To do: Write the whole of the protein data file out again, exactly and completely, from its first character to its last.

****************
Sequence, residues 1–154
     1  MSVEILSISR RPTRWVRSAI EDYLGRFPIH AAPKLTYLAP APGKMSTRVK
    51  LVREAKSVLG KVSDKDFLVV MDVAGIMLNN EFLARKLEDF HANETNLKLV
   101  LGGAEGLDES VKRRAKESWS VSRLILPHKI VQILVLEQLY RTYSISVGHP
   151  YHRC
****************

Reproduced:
Sequence, residues 1–154
     1  MSVEILSISR RPTRWVRSAI EDYLGRFPIH AAPKLTYLAP APGKMSTRVK
    51  LVREAKSVLG KVSDKDFLVV MDVAGIMLNN EFLARKLEDF HANETNLKLV
   101  LGGAEGLDES VKRRAKESWS VSRLILPHKI VQILVLEQLY RTYSISVGHP
   151  YHRC